In 1987, a home computer, the Archimedes, was launched as the first commercial using the ARM, featuring an 8MHz version of the ARM2 and the three support chips MEMC, VIDC, and IOC, an input/output controller and a simple operating system. The Archimedes received a lukewarm response on its launch because personal computing appeared to be consolidating behind the IBM PC standard while Acorn had introduced a computer with a new processor, a new operating system, and no base of software to provide users with the applications they needed. It took two to three years for a credible amount of applications software native to the ARM and Archimedes to be developed. Since then Acorn has refined and improved its computer models and confirmed its position as a leader in the British home and educational computing market.
After the launch of the Archimedes, Acorn continued to support its research and development team in creating improved versions on the chip, offering greater performance. To expand the design so that it offered the kind of performance expected of a high-end personal computer and or workstation, a 4 kbyte on-chip data and instruction cache was added. And in 1989 the ARM3 was launched at the significantly increased clock rate of 25MHz. Acorn's desktop computers using this chip were launch in 1990
A static version of the processor the ARM2aS was developed soon after the ARM3. This variant added low power consumption to the list of features which made the ARM attractive to developers interested in designing low-cost portable and hand-held devices and electronic personal organizers, and communication device, which although developed as far as working prototypes was never actually marketed.
Interest in the ARM family was growing as more designers became interested in RISC, and the ARM's design was seen to match a definite need for high-performance, low power consumption, low-cost RISC processors. In conditions of greatest secrecy an agreement was reached between Acorn, VLSI Technology Inc. and a company which had expressed an interest in the for sometime, Apple. The Acorn RISC Machine became the Advance RISC Machine and the company Advances RICS Machines Ltd was born. ARM Ltd. was found with a clear mission to continue the development of the ARM processor and to facilitate its use by system developer, whether as a standalone processor.
ARM Ltd's first development was the next step from the ARM3 processor, which was named ARM6 and included full 32-bit addressing and endedness support. An improved video controller, VIDC20 was also developed and a floating point processor was also introduced.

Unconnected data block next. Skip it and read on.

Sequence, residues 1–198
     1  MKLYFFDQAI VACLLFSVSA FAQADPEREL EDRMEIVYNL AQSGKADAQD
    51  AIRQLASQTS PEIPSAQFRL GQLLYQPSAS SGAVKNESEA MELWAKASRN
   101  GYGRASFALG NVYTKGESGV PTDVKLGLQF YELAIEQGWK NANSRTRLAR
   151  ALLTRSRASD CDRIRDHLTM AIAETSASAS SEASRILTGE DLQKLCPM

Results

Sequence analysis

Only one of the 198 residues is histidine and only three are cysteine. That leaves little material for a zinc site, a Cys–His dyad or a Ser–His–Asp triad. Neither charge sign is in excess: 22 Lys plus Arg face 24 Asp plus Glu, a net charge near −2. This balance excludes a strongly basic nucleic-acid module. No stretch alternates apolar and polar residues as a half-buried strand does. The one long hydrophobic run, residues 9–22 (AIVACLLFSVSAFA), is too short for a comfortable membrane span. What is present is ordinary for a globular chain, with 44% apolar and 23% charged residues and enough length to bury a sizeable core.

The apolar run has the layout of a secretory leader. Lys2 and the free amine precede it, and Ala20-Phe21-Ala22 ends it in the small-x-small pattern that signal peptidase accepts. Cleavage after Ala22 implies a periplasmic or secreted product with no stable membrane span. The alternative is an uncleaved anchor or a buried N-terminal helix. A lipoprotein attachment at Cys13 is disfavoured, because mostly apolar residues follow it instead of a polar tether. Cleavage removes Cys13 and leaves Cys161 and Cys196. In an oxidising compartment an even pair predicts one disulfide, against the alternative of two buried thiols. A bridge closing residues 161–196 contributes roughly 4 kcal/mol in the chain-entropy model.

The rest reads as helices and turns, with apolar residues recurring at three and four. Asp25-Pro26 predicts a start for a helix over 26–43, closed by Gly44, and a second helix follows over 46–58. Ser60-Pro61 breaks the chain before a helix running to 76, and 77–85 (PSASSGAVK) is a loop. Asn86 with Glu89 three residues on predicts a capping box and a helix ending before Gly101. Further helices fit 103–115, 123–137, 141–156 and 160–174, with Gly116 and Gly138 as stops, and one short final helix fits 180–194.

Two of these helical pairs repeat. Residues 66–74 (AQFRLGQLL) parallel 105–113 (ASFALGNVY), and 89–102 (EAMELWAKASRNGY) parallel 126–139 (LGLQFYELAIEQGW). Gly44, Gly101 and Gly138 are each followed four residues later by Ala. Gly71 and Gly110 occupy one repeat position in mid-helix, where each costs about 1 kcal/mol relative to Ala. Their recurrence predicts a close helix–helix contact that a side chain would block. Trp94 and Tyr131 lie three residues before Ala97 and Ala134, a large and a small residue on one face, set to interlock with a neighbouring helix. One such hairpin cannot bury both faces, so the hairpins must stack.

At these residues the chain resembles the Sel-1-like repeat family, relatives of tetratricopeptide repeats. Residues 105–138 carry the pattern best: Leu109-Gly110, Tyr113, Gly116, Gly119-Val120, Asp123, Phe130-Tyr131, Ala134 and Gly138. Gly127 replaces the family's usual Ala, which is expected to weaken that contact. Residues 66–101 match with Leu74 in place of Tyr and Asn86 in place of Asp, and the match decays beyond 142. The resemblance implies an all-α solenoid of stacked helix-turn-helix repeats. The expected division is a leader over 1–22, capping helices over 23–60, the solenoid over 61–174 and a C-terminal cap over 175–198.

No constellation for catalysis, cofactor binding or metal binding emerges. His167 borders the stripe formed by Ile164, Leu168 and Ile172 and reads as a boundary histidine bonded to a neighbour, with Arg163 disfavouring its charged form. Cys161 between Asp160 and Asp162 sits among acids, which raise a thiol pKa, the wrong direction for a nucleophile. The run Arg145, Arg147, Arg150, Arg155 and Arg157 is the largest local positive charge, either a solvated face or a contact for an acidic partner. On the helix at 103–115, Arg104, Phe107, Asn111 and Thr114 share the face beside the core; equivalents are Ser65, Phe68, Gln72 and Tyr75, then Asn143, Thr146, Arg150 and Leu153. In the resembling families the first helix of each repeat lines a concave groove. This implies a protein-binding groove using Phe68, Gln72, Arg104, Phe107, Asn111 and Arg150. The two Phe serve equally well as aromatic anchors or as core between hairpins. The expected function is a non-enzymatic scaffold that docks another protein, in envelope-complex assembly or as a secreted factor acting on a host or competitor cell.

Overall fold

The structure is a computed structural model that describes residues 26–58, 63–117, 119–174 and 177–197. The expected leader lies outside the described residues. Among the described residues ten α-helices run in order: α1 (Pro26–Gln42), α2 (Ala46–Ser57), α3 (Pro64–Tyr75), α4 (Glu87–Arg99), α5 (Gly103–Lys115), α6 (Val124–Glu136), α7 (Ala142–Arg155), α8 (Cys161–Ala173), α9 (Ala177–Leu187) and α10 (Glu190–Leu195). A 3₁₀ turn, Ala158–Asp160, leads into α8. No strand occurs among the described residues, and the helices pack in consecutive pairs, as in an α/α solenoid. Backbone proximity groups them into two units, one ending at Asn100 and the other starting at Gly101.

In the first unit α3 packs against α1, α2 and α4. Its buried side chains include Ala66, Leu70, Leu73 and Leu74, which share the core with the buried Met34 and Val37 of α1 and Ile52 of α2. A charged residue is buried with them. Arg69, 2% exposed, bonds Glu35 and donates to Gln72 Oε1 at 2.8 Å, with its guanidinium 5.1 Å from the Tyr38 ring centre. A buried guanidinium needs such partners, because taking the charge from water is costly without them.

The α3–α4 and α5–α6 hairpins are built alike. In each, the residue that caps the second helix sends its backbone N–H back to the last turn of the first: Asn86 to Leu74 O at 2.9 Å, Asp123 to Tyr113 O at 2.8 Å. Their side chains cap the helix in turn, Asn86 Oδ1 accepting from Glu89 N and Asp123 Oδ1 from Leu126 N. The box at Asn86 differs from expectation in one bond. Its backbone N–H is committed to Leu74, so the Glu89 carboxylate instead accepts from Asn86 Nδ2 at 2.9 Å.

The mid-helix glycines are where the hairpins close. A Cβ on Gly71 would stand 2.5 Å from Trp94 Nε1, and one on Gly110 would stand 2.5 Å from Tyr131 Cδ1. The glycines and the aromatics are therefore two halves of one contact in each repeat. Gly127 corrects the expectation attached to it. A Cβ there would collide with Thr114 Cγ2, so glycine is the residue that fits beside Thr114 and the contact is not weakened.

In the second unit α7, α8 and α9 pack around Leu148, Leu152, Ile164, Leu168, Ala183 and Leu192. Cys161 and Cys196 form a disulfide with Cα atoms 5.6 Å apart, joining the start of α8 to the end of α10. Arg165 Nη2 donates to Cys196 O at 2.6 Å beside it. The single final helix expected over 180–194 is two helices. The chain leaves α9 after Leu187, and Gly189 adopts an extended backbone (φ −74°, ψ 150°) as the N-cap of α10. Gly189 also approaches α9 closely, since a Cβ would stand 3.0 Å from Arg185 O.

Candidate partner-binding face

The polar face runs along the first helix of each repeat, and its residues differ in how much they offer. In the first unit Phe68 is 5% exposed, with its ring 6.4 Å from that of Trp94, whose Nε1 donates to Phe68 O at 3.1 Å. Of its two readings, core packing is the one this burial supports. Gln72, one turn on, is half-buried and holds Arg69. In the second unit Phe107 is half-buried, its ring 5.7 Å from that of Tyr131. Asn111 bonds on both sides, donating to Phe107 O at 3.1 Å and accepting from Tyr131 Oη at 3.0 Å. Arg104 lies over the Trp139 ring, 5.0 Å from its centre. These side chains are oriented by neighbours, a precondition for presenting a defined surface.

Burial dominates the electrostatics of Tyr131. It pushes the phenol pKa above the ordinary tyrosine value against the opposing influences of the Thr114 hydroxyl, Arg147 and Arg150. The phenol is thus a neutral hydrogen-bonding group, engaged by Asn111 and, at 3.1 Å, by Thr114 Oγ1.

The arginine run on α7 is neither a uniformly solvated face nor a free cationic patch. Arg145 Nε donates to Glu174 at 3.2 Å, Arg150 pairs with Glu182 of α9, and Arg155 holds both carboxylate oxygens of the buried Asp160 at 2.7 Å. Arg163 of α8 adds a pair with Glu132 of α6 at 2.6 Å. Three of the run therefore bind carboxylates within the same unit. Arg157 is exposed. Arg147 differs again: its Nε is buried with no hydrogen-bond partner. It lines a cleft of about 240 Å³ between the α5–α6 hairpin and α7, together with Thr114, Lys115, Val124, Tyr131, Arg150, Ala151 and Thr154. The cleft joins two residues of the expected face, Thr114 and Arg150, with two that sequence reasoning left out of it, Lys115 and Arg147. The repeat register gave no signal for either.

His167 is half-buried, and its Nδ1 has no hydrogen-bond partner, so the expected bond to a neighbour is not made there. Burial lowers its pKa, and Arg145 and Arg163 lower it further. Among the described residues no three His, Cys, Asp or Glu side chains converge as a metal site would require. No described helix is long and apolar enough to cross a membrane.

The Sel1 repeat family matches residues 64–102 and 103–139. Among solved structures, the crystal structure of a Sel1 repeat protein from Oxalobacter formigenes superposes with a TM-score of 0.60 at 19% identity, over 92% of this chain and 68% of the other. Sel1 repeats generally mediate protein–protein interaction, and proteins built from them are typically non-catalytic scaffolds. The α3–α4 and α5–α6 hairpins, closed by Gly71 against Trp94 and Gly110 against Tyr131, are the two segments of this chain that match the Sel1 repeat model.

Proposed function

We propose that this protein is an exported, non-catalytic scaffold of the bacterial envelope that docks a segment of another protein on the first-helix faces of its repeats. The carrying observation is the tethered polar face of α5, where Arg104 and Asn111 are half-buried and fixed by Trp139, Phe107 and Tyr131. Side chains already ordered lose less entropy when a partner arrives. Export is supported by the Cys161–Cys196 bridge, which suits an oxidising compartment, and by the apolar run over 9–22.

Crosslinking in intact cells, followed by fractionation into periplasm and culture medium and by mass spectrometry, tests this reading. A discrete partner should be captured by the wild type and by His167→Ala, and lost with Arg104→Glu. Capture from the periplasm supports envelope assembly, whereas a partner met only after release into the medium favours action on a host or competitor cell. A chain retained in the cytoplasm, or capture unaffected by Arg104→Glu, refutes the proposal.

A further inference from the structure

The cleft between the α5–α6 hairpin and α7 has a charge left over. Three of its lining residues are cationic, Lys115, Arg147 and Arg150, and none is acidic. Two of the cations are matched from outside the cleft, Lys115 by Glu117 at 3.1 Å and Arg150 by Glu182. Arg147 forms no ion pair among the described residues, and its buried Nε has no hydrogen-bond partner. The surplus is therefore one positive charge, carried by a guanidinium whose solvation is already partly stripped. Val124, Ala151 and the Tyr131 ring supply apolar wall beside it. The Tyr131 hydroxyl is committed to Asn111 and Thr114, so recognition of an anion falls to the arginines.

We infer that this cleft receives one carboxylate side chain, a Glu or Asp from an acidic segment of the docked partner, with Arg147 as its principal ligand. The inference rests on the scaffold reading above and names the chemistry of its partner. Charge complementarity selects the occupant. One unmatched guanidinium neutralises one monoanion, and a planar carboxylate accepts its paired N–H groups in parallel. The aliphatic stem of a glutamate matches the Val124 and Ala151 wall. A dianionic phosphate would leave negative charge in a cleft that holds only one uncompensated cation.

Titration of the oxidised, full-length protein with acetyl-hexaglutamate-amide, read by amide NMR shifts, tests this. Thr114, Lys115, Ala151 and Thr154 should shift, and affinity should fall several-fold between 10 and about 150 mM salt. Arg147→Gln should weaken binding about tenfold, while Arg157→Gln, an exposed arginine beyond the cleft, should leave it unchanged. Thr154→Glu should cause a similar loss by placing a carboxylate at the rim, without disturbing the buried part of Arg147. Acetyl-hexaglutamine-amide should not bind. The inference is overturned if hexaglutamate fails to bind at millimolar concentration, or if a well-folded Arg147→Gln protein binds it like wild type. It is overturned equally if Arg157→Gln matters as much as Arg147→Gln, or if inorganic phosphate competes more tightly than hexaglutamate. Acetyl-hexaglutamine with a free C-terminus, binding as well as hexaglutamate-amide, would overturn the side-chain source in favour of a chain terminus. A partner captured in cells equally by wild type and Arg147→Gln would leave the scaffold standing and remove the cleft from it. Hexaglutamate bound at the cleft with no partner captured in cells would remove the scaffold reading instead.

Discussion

As the market for low-cost low power consumption, high performance processors expands, ARM Ltd expanding it global presence by developing relationships with more companies around the world. Since the launch, ARM has developed relationships with more foundries who have licensed and still license its design and sell them in different markets. From its earliest days with Acorn, ARM Ltd has worked closely with VLSI Technology, Inc., its first partner and the first manufacturer of ARM devices. In the UK, GEC Plessy Semiconductors was signed as an ARM foundry and partner in January 1992. Plessy now produces a range of ARM standard parts. It is also the foundry for the ARM250. In March 1993 Sharp Corporation of Japan signed a deal to manufacture and market ARM processors and associated products.
ARM Ltd now has offices in California and Japan in order to maintain a close relationship with licensees and their major customers, and to promote existing ARM devices and the company's ability to produce new ones to future customers. Today ARM continues to establish relationships with new partners like, SUN microsystem and many others, around the world.
In conclusion, from being a single design aimed at a particular project the ARM is now a set of highly customized processors and supporting macrocells suitable for the use in a wide range of applications but targeted at systems requiring high performance from a compact device with low power consumption.